Not To Worry

Epiphany 8A – Not To Worry

Matthew 6:24-34

February 26/27, 2011

 

During the past week, bloody battles have claimed the lives of

anywhere between 300 and 1000 Libyans.

Reports indicate that people hide in their homes fearful for their lives;

Mercenary soldiers hunt from house-to-house;

There are mass killings, arbitrary arrests, and torture of prisoners.

And so on Friday, self-proclaimed, “King of Kings,” Moammar Gadhafi

addressed his people saying,

“Dance! Sing!  Be Happy!  I am here.”

and then he blew them kisses.[i]

 

Could there be anything more out-of-touch with reality?

People are fearing for their lives,

and he tells them, “Don’t worry.  Be happy.”?

 

Most of us aren’t fearful for our lives,

but most of us are fearful about something – the economy, our health, our kids…

 

There probably isn’t anything more annoying to hear

when you share your worries with someone, than the words, “Don’t worry.  Just  relax!”

 

(Which is why I’m glad that’s not what Jesus said!)

 

We’re on our 5th week of readings from the Sermon on the Mount,

and here Jesus turns to what the old King James translation calls ‘mammon.’

You cannot serve God and mammon.

(Actually the KJV says, “Ye cannot serve God and mammon.”)

 

Mammon is money… and all the things money can buy.

Food, drink, clothing.

Shelter, transportation, medication.

Entertainment, travel, sports.

Pet food, concert tickets, airplane tickets.

Snow blowers, leaf blowers, power washers.

Flat screen TV’s, ipads, smart phones.

 

Mammon.

Money… and all the things money can buy.

You can’t serve God and mammon.

 

And that is what this passage from Matthew is about.

You can’t divide your attention.

 

If God is your focus, your focus can’t be entirely on mammon.

If mammon is your focus, your focus can’t be entirely on God.

 

If God is your focus, your focus can’t be entirely on food, drink, or clothing.

If food, drink, or clothing is your focus, your focus can’t be entirely on God.

 

The word ‘worry’ is used six times in these verses.

It comes from a Greek word which means to divide our attention.

Jesus says, we can’t divide our attention between God and anything else.

Multitasking just doesn’t work.

 

We live in the age of multitasking and we’ve come to believe that we do it quite well –

we think we can watch TV at the same time we do homework and text a friend;

we think we can listen to our spouse while we eat dinner and read the paper;

we think we can drive a car while we talk on the phone.

 

We think we’re quite efficient.

But as the data shows, we’re not as good at it as we think.

Our brains aren’t wired that way.

We can’t fully attend to more than one thing at a time.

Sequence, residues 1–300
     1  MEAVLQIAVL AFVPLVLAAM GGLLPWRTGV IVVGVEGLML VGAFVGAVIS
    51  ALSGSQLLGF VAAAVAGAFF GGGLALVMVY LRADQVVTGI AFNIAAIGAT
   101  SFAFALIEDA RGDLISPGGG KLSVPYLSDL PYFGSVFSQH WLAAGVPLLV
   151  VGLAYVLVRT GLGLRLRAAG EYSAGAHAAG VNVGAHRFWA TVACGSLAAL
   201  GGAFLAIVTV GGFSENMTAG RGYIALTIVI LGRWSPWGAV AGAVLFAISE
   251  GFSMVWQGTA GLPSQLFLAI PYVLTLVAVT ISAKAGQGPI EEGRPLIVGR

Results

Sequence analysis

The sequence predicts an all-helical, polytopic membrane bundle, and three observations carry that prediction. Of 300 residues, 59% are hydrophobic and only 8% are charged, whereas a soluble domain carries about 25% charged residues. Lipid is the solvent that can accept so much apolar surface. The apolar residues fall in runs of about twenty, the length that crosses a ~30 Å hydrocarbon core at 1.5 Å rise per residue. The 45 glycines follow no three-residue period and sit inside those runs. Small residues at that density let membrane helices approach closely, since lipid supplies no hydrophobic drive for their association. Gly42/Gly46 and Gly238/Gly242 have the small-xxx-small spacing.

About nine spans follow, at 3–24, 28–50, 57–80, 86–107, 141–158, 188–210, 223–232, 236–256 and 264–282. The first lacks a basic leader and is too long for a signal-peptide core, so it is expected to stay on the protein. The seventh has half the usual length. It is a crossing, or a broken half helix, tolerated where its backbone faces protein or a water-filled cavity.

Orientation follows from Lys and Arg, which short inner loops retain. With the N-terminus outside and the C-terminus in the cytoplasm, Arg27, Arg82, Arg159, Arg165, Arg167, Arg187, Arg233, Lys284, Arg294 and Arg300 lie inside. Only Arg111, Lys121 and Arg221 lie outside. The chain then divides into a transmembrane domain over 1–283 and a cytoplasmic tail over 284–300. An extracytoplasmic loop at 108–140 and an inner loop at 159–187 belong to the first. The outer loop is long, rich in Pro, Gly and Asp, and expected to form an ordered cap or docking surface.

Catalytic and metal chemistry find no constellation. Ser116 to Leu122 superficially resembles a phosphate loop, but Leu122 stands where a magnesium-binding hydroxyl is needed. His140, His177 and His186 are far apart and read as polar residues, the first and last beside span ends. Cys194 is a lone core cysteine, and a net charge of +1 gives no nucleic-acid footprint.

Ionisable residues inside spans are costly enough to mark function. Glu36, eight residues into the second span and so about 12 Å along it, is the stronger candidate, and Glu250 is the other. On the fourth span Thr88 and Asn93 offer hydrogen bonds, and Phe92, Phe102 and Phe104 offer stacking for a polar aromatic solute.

We can’t worry about food, drink, and clothing,

and at the same time, give God our full attention.

 

So Jesus says, do not worry about your life, what you will eat, or what you will drink,

or about your body, what you will wear.

Strive first – attend first – to the kingdom of God and his righteousness

and the rest will follow.

 

And yet….and yet….what do we do about the fact that there are people who go to bed hungry?

There are people who do not have safe drinking water.

There are people who struggle to clothe themselves.

There are people who are living in the cross fire of a revolution.

 

Do we tell them not to worry?

Dare we chastise them to stop thinking of things such as food, drink, clothing, or their lives?

 

I don’t think God is saying to pretend our needs don’t exist

or the needs of people around us.

 

We wouldn’t walk by a homeless man in front of us who is asking for food,

and tell him that if he prayed harder, God would provide.

 

We wouldn’t tell a young mother in Libya that she should just carry on as usual,

that worrying about her children is sinful.

 

Rather, I think Jesus is saying, that when we strive for the kingdom of God,

when we strive for God’s way of working in the world

then the hungry are fed; the thirsty are given drink; the naked are clothed; and there is life and safety for all.

 

It is no accident that later on in his gospel, Matthew

talks once again about the hungry, the thirsty, and the naked.

 

Let’s turn in our pew Bibles to Matthew chapter 25, verses 34-36 (page 35)

“Then the king will say to those at his right hand, “Come, you that are blessed by my Father, inherit the kingdom prepared for you from the foundation of the world; for I was hungry and you gave me food, I was thirsty and you gave me something to drink, I was a stranger and you welcomed me, I was naked and you gave me clothing, I was sick and you took care of me, I was in prison and you visited me.”

 

The kingdom of God is a kingdom in which those who are hungry have no need to worry, because God’s people provide food;

 

It is a kingdom in which those who are thirsty have no need to worry, because God’s people provide drink;

 

It is a kingdom in which those who are naked have no need to worry, because God’s people provide clothing.

 

It is a kingdom of a single focus – a single vision –

God, the true King of Kings, has blessed us so that we may be a blessing to others.

 

Don’t worry.  Be happy.  Strive for such a kingdom.  Amen.

 

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